Peace conference proposes new hope for Syria
Updated: 2013-05-31 02:58
By Chen Weihua (China Daily)
With tensions easing on the Korean Peninsula, the expanding conflict in Syria has become one of the most talked about topics in the world today. Two years of fighting have left at least 80,000 people dead and more than a million homeless.
There was renewed hope earlier this month when Russia and the United States proposed that another peace conference on Syria be held in Geneva in mid-June.
Both the Syrian government and the opposition have so far agreed "in principle" to attend the meeting, although the divided rebel forces have yet to reach an agreement on their unified stance.
China said it is willing to actively participate in the second Geneva conference. The first one, presided over in June last year by former United Nations-Arab League envoy Kofi Annan, failed to halt the crisis.
Foreign Ministry spokesman Hong Lei said on Monday that China welcomes the proposal by Russia and the US to hold the international conference. He said China is ready to work with all related parties to push for a just, peaceful and proper resolution to the Syria issue as soon as possible.
However, the renewed hope took a hit when Britain and France on Monday successfully blocked the extension of a European Union arms embargo on Syria despite strong opposition from some of its 27 members. France and Britain said they had no plans to arm the rebels immediately, at least not before the Geneva conference.
Russia, which had previously agreed to the Western request to halt honoring a previous weapons deal with the Syrian government, condemned the EU move. "You cannot declare the wish to stop the bloodshed on one hand and continue to pump armaments into Syria on the other hand," Russian Deputy Foreign Minister Sergei Ryabkov said on Tuesday in Moscow.
In response, Russia said it now intends to go ahead with the arms shipment according to a deal inked long before the Syrian conflict started.
China also opposed the EU's decision. Foreign Ministry spokesman Hong said on Tuesday that action taken by the international community should be conducive to a cease-fire, ending the violence and a political solution to the Syria issue as well as to peace and stability in the Middle East.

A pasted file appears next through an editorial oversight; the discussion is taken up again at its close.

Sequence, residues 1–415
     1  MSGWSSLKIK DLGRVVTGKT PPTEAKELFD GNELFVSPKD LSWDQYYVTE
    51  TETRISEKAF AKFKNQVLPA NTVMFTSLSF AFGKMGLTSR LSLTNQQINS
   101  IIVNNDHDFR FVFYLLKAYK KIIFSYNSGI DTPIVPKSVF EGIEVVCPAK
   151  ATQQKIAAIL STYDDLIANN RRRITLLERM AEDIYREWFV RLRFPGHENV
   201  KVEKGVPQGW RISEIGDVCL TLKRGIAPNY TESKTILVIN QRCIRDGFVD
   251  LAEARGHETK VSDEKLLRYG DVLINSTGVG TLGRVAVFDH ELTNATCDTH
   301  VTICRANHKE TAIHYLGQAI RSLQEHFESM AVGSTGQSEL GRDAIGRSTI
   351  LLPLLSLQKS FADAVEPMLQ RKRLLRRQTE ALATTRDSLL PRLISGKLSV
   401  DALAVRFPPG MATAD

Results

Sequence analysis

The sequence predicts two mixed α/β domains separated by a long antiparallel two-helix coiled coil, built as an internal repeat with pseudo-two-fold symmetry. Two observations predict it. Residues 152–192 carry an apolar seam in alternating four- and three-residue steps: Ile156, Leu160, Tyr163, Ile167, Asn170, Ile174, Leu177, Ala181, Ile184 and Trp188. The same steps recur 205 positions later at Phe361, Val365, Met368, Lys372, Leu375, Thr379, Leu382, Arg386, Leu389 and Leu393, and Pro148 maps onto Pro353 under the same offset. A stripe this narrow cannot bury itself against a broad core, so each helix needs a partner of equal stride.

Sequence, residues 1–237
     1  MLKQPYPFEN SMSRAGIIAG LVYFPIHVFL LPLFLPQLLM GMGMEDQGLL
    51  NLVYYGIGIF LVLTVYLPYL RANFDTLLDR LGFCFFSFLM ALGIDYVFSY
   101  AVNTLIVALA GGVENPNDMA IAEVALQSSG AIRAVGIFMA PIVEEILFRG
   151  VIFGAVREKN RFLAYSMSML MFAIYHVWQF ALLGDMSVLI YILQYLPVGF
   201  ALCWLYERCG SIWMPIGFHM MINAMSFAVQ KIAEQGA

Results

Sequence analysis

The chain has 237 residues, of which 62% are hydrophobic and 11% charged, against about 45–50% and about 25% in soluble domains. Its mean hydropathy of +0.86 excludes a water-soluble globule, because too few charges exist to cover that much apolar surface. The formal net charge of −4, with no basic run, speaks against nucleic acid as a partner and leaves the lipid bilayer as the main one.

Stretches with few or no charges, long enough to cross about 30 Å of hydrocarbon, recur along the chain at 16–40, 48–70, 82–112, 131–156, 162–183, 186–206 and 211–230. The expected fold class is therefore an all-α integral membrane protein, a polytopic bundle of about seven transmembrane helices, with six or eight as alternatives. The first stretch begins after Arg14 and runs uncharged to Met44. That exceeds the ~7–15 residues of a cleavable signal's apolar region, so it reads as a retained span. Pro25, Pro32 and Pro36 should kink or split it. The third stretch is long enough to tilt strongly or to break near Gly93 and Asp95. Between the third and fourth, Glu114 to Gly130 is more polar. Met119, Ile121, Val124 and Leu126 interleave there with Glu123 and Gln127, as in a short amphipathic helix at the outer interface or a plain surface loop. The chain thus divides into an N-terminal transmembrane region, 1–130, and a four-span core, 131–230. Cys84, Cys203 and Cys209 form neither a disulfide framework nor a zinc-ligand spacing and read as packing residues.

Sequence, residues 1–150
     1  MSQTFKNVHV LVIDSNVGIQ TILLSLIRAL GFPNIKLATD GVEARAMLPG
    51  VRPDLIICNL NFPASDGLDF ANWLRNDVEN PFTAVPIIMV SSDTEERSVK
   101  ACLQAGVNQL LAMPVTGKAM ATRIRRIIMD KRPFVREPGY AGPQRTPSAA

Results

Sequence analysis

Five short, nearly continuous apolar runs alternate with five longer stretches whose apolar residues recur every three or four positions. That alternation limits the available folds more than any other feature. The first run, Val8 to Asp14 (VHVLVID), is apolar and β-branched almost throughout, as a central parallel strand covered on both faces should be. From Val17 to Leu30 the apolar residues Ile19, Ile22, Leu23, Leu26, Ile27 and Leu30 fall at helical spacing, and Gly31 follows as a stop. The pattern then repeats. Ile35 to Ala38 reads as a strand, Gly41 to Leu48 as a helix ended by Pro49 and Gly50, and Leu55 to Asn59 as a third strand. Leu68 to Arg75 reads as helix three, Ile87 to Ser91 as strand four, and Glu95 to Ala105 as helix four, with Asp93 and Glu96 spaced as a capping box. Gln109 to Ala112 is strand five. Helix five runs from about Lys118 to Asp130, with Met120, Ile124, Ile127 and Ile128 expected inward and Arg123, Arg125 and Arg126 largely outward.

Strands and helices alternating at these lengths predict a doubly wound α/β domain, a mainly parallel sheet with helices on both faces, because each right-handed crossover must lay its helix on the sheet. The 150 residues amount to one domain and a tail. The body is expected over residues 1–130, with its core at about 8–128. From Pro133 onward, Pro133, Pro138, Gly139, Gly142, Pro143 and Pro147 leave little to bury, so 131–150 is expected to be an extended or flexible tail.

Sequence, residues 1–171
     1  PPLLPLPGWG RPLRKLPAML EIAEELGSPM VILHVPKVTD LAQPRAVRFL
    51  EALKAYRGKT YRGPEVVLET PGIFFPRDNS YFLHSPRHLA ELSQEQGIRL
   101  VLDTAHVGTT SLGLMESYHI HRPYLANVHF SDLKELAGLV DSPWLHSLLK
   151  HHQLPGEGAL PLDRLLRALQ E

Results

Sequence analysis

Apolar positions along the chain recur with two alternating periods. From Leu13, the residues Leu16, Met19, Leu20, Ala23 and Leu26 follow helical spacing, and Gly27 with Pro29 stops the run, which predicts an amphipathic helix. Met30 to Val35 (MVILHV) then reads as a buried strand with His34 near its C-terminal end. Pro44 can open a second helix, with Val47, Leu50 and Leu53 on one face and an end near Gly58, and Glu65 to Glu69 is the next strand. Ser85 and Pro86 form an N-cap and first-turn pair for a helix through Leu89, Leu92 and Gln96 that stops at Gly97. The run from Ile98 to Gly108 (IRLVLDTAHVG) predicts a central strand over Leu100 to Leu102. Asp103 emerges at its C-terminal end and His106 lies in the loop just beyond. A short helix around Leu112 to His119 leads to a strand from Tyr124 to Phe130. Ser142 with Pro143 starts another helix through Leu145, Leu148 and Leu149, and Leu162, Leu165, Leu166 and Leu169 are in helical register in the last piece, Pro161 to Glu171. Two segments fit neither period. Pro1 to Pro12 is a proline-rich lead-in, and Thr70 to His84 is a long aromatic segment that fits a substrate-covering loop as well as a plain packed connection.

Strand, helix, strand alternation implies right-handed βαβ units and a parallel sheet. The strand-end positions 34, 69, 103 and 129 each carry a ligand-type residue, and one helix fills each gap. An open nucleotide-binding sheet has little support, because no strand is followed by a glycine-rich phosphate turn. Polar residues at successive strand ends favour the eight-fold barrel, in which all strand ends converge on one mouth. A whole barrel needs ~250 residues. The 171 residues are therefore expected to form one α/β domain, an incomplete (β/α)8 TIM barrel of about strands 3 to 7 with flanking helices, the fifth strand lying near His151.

The messages from the US are confusing. While Secretary of State John Kerry has been working hard with his Russian counterpart Larvov, hoping to make progress at the Geneva talks, White House spokesman Jay Carney and State Department spokesman Patrick Ventrel both expressed support for the EU's decision to let the arms embargo lapse, which opens the gate for EU members to supply weapons to Syrian rebels.
Carney, however, said the US opposes Russian shipments of arms, which include sophisticated S-300 air defense systems, to the Syrian government forces.
Israel, which already dragged itself into the conflict by bombing a military research facility inside Syria earlier this month that it suspected of shipping weapons to Hezbollah, said it will act if Russia goes ahead with the delivery of anti-aircraft missiles to Syria.
Analysts said China has not supported the crackdown by the Assad government. Instead, it has been using its influence to persuade Assad to make concessions.
Li Baodong, Chinese permanent representative to the UN, said two weeks ago that a political solution is the only right way out for the Syrian issue. "The future destiny of Syria should be decided by the Syrian people themselves," he said.
"We must respect the right of each country in the world to independently choose its path of development and oppose interference in the internal affairs of other countries," President Xi Jinping said during his visit to Russia in late March.
Xi and US President Barack Obama will surely compare notes on their approaches to the Syrian crisis when they meet in Sunnylands, California, on June 7-8, about 10 days before the Geneva conference.